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doi: 10.1111/j.1461-0248.2006.00926.x

LETTER

**Multivariate dispersion as a measure of beta diversity
**

Abstract Beta diversity can be deﬁned as the variability in species composition among sampling units for a given area. We propose that it can be measured as the average dissimilarity from individual observation units to their group centroid in multivariate space, using an appropriate dissimilarity measure. Differences in beta diversity among different areas or groups of samples can be tested using this approach. The choice of transformation and dissimilarity measure has important consequences for interpreting results. For kelp holdfast assemblages from New Zealand, variation in species composition was greater in smaller holdfasts, while variation in relative abundances was greater in larger holdasts. Variation in community structure of Norwegian continental shelf macrobenthic fauna increased with increases in environmental heterogeneity, regardless of the measure used. We propose a new dissimilarity measure which allows the relative weight placed on changes in composition vs. abundance to be speciﬁed explicitly. Keywords Beta diversity, community structure, dissimilarity measures, kelp holdfasts, macrobenthos, multivariate dispersion, species abundance, species composition, transformations, variability. Ecology Letters (2006) 9: 683–693

**Marti J. Anderson1*, Kari E. Ellingsen2† and Brian H. McArdle3
**

1

Department of Statistics,

**University of Auckland, Private Bag 92019, Auckland, New Zealand
**

2

Marine Biodiversity,

**Department of Biology, University of Oslo, PO Box 1066, Blindern, 0316 Oslo, Norway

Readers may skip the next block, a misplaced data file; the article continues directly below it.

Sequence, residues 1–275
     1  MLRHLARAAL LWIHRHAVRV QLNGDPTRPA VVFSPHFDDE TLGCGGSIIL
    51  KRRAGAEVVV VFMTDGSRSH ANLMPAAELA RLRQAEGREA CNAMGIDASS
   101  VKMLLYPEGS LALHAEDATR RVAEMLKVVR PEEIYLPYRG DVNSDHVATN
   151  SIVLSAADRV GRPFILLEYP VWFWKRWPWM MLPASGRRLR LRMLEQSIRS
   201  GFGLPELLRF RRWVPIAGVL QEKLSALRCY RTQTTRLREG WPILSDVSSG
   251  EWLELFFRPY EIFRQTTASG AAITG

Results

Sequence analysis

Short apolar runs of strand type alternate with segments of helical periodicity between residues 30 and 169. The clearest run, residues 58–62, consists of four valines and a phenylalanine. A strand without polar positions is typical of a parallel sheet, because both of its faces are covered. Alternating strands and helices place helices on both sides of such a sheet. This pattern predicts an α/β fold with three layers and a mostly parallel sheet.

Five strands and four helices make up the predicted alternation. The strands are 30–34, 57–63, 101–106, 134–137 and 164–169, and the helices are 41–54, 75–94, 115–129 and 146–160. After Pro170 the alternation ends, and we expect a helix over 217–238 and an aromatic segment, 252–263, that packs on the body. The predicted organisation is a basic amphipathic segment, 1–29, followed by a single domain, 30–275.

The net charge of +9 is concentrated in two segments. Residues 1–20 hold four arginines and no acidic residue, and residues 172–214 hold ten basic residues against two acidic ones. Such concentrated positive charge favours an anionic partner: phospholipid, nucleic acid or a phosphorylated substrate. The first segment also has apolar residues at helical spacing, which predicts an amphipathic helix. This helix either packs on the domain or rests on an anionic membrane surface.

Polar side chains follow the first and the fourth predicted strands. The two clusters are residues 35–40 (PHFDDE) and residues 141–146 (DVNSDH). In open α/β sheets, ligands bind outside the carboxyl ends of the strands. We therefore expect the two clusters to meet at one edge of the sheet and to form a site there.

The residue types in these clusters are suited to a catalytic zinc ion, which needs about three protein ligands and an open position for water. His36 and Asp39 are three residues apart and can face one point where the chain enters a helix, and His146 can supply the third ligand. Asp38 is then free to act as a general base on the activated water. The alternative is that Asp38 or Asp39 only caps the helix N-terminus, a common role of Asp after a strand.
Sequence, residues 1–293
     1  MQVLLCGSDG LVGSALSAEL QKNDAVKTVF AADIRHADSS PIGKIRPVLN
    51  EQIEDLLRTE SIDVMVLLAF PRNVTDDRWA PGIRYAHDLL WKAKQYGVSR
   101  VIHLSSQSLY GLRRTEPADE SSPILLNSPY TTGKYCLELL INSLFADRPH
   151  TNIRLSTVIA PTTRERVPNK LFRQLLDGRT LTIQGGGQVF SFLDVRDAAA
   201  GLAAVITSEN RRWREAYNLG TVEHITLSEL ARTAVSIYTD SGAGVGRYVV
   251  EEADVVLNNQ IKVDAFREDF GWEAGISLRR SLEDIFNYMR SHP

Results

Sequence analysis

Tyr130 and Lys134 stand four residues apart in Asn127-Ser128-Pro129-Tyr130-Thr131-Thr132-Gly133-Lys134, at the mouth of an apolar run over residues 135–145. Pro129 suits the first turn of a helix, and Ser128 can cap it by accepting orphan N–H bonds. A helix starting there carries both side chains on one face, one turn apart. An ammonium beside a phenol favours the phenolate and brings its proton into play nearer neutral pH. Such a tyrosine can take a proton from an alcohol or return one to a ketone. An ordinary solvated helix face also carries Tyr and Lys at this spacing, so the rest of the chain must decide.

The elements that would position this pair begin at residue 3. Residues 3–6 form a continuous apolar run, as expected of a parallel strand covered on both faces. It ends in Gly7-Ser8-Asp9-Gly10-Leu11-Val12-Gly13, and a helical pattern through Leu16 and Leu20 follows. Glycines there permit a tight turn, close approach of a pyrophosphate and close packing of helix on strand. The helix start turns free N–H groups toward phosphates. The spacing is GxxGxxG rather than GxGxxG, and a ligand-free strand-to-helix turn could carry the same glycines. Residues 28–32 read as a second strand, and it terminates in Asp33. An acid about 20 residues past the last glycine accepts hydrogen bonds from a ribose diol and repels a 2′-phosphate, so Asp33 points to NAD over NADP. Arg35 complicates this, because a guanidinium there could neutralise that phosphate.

**

3

Department of Statistics,

University of Auckland, Private Bag 92019, Auckland, New Zealand *Correspondence: E-mail: mja@stat.auckland.ac.nz Present address: Norwegian Institute for Nature Research (NINA), Polarmiljøsenteret, 9296 Tromsø, Norway.

INTRODUCTION

Whittaker (1960) originally proposed partitioning diversity into alpha, beta, and gamma components to characterize different aspects or levels of diversity. Alpha diversity (a) is commonly measured as the number of species in a single sampling unit, while gamma diversity (c) is generally defined as the overall number of species within a defined geographical area. Beta diversity can be measured in many different ways (Koleff et al. 2003; Magurran 2004). Whittaker’s (1960, 1972) original measure [bW ¼ c= or a bW ¼ ðc=Þ À 1], the proportion by which a given area a is richer than the average of samples within it, has been one of the most frequently used measures of beta diversity (Koleff et al. 2003). We consider that beta diversity can be measured as the variability in species composition among sampling units for a given area at a given spatial scale. We propose that beta diversity for a group of units sampled from a given area can be measured as the average distance (or dissimilarity) from an individual unit to the group centroid, using an appropriate dissimilarity measure. The centroid must be deﬁned in the principal coordinate space of the dissimilarity